You spotted it straight away, didn’t you? Whatever I say now has lost credibility. Except that on this occasion, the typo was intentional. It just proves, however, quite how vital proof reading can be. It is a much under-valued skill – until something goes wrong. Errors online can be changed quickly and easily; although the nature of digital communication means that a vast number of people have probably already seen the mistake before you become aware of it. With traditional print format, a simple typo can be very expensive to correct.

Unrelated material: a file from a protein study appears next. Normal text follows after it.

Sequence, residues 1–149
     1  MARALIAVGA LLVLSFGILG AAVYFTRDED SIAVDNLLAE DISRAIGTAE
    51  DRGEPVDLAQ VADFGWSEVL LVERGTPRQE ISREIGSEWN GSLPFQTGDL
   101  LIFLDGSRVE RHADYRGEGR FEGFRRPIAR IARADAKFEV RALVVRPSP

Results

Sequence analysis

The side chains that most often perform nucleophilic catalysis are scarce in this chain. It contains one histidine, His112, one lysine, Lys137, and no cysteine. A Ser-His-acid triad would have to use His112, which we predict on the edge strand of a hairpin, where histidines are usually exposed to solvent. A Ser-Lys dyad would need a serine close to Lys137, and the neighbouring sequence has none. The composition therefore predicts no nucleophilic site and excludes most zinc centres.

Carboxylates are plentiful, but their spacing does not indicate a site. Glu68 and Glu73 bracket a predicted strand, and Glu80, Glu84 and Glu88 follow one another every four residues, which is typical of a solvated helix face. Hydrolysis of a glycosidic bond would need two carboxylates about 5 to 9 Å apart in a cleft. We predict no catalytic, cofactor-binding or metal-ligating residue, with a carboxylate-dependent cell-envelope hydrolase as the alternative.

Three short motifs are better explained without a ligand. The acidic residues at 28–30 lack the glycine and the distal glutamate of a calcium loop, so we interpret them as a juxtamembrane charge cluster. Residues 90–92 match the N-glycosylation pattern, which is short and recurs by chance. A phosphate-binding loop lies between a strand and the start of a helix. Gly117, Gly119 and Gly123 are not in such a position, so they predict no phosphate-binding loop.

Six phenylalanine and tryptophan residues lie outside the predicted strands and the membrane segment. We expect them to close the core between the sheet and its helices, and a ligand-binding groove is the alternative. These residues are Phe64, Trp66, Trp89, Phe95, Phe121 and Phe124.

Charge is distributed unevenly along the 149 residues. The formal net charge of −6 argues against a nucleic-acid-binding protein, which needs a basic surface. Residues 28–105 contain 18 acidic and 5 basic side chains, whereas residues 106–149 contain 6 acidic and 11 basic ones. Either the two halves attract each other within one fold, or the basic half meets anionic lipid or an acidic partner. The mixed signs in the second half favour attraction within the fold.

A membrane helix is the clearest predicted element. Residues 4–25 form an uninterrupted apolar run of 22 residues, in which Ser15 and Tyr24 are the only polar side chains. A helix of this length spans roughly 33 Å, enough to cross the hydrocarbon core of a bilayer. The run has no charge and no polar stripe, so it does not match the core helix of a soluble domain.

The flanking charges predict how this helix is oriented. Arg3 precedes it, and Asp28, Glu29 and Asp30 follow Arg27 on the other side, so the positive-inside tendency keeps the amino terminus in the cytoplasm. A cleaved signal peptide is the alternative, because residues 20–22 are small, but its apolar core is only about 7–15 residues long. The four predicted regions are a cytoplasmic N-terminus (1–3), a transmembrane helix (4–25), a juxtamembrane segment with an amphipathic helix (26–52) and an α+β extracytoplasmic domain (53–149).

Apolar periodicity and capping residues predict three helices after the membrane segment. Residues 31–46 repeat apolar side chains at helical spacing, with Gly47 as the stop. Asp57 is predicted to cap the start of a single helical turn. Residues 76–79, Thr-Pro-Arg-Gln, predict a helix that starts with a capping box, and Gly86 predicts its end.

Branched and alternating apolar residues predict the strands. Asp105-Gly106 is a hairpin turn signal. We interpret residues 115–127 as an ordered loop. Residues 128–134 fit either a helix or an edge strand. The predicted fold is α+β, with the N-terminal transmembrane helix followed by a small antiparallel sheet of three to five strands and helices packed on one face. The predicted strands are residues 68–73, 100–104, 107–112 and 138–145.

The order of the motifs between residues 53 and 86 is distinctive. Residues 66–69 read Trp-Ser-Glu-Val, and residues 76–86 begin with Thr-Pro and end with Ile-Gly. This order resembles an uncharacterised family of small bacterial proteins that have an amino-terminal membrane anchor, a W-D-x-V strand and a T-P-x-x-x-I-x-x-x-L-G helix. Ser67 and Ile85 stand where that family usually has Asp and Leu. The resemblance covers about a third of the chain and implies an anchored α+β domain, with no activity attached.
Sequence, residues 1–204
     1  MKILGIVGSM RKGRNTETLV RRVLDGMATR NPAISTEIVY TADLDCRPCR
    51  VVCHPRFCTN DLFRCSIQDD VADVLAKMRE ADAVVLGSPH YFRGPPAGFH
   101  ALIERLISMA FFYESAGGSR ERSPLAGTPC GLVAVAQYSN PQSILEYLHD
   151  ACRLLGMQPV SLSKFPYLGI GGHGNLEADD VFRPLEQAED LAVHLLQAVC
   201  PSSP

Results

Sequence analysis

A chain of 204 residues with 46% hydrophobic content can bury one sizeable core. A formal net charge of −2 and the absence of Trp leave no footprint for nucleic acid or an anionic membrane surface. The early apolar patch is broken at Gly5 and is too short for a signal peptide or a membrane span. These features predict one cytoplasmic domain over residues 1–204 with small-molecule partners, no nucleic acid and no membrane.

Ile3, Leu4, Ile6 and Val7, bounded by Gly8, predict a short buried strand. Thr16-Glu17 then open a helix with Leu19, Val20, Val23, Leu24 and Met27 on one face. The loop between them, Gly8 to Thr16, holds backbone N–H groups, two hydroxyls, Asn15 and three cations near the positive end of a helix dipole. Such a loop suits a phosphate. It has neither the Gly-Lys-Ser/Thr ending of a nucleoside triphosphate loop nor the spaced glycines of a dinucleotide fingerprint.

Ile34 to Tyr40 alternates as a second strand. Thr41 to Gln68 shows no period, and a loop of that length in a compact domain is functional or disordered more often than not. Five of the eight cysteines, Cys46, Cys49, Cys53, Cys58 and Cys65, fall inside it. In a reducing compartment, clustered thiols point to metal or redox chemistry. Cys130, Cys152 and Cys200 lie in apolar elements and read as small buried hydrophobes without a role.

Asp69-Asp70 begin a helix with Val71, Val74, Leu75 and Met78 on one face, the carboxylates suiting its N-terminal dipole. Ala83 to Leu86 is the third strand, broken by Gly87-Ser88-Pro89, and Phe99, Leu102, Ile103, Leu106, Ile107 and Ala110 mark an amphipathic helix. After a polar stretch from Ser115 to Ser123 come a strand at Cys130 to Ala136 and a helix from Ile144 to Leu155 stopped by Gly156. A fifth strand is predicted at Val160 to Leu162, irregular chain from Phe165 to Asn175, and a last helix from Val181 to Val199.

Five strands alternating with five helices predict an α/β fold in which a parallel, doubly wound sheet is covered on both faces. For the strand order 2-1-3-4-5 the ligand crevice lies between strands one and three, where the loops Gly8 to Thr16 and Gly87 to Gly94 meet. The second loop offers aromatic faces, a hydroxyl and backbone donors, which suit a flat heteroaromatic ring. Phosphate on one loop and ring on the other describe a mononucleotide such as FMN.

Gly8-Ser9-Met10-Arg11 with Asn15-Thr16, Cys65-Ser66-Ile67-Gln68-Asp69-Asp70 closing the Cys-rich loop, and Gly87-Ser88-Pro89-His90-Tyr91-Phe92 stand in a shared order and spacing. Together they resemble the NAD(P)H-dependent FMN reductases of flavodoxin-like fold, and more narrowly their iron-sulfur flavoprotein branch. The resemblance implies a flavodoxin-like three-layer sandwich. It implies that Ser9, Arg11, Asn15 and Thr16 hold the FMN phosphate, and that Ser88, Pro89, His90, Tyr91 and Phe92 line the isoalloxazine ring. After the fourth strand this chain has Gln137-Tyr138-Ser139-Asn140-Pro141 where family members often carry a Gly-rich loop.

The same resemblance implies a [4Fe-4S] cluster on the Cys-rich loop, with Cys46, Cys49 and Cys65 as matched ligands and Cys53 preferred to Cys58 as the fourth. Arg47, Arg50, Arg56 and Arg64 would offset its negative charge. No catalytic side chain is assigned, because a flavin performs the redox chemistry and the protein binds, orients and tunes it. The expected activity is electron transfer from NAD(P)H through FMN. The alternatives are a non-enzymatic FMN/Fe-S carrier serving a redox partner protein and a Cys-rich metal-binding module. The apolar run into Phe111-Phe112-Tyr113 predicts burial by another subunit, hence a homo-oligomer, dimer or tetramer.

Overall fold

It doesn’t just come down to time and cost either. If the error has already gone out into the public domain, then your reputation will instantly be affected. Employers are known to discard CVs purely because of poor spelling or typos. I myself have rejected a sales website and moved on elsewhere having been offended by simple mistakes.
Having, and even using, spell check is no enough. See what I did there? ‘No’ is a word, so is not picked up by spell check, even though it is clearly a typo in this instance.
Even proof-reading experts can’t proof their own work. You become blind to mistakes, reading what you think you have written. Please recognise the skill of proof reading and don’t let silly typos lose you work.